“Coming out of the Energy Lab with approximately six miles to go, I was taxed. My body was not absorbing nutrients, my thought process was not fully functioning and I was beyond tired. I zoned out and channeled the spiritual energy of the Island to carry me home.”
“I was in full warrior mode. I wasn’t going down or going to be defeated, but knew I had to find peace within myself as my body fought its way to the finish like a warrior in battle.”

Apolo Ohno persevered through those final miles. He did find the power of the Island to carry him through all the way to the finish. A man who had set so many goals and accomplished just about ever one of them added another to his DNA. He finished the IRONMAN World Championship in an amazing 9:52:27.

Here’s a video of his life-changing journey:

This is a Top-40 Greatest Moment At IRONMAN only in part because Apolo Ohno finished the IRONMAN World Championship. By doing that he joined thousands over the past 40-years who have also done that who are not Olympic champions. Most of those come no where close to having the same genetic toolbox that Apolo Ohno brings to his athletic endeavors. But all of them can also call themselves an IRONMAN.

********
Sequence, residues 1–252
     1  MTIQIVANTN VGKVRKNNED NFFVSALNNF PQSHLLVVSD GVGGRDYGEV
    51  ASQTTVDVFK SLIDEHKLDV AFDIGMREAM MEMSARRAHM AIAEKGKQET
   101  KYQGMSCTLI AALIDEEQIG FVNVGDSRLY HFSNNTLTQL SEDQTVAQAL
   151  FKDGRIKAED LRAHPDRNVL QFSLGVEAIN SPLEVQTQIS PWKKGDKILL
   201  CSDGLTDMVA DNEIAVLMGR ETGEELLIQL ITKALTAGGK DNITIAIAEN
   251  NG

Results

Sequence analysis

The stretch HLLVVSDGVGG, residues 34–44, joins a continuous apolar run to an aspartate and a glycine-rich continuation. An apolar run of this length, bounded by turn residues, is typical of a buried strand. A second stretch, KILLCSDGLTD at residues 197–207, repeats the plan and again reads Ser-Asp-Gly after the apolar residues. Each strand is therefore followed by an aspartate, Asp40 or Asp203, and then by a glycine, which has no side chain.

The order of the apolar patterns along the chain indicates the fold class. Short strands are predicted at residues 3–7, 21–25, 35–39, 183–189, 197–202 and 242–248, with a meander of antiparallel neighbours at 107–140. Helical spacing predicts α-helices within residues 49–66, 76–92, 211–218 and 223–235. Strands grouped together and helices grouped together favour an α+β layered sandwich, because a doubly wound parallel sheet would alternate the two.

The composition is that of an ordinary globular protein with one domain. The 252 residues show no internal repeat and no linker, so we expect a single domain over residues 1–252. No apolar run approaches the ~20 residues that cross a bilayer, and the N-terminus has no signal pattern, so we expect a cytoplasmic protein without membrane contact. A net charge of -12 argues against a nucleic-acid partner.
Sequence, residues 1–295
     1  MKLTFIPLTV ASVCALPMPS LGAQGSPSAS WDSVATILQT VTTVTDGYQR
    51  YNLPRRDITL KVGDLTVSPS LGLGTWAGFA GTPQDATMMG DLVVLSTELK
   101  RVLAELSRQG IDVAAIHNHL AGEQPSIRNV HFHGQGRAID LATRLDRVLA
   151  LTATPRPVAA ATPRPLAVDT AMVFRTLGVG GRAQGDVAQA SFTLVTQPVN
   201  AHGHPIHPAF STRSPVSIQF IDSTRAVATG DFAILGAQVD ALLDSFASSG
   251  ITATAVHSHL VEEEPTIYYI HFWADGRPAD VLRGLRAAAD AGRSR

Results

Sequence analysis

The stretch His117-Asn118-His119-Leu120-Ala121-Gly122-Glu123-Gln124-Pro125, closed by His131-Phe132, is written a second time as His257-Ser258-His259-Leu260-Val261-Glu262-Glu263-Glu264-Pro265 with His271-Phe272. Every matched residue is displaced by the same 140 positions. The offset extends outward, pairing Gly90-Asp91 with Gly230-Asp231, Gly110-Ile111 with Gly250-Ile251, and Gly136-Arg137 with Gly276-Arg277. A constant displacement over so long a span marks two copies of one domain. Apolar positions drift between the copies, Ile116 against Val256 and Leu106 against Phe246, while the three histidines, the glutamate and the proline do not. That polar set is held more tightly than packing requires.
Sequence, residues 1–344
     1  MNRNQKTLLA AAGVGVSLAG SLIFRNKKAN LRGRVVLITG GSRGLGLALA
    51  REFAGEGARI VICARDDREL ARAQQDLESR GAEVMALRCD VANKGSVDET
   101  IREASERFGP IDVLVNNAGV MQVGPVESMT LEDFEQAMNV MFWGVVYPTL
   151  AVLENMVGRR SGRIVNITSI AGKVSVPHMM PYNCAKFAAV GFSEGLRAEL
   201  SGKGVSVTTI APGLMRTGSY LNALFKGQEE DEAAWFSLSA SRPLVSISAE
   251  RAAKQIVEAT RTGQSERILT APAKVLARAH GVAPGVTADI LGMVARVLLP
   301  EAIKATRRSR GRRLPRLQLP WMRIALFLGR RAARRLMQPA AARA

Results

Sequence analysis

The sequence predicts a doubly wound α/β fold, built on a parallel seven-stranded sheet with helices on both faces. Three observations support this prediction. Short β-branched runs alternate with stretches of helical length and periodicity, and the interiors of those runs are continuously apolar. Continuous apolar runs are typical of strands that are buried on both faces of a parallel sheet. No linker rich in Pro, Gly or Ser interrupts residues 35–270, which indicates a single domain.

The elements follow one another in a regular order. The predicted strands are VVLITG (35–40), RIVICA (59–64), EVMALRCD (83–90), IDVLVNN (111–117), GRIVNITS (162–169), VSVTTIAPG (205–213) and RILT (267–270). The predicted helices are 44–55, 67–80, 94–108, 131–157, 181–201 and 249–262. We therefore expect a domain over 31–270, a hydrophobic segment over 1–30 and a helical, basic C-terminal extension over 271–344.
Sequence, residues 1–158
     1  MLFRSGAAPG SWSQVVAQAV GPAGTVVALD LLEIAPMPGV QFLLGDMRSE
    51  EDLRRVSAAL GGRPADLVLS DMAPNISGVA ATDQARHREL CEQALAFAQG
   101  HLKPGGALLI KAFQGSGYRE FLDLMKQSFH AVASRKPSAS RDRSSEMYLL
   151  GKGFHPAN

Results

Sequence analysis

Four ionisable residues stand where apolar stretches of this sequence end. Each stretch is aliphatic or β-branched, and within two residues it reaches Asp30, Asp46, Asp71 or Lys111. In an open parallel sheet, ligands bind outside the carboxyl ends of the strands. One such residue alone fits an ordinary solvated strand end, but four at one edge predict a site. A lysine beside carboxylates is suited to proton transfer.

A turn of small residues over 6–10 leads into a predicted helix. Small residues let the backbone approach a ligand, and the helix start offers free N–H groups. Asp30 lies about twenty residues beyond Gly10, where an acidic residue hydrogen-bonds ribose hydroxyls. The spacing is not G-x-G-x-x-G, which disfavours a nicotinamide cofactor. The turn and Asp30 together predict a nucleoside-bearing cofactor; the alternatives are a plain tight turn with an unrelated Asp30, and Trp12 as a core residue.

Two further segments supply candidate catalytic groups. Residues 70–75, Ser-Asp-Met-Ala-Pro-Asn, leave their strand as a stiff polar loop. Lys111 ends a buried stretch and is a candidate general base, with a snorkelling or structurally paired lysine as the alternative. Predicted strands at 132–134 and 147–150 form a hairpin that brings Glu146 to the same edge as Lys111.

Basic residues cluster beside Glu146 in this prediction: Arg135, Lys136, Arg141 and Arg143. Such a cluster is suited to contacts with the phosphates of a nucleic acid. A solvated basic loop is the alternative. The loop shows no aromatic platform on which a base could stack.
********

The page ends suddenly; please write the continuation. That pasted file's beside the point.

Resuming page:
Apolo and his father celebrating another amazing athletic moment.

What makes this such an incredible story is that Apolo Ohno had the strength of character to let down his guard as an Olympic Champion and jump 100% into a challenge in sport that was in no way going to come with any guarantee that his dignity and his status as a sports dignitary would be preserved. But it was that same humility that enabled him to come up with a stellar race that made him an IRONMAN.

“Through this experience I took my body and my mental capacity to a place I didn’t think was possible. What I learned that day traveling through the lava fields on the Queen K highway is that triathlon is much more than a sport. The first 60 miles of this race is preparation and the last 80 is determination. Conquering the Ironman enriched me physically, emotionally and mentally and it will be a milestone in my life, among my eight Olympic medals, that I will always remember.”

Follow Apolo Ohno on Twitter at @ApoloOhno


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About the author Mark Allen More information on the author

I am the Founder and CEO at Mark Allen Coaching. I am proud to have been voted in an ESPN global poll "The Greatest Endurance Athlete Of All Time." During my multi-sport career I won the Ironman Triathlon World Championship six time, the inaugural Triathlon World Championship at the Olympic Distance in Avignon, France, and at one point in my career I won 21 straight races across every derivation and distance. It was a great career, but that's all it would ever be unless I was able to share all of the experience and methodology we invented long before smart watches, power meters, and flashy uniforms. That's why I started Mark Allen Coaching, as a way to return to others at least the part of the gifts I received.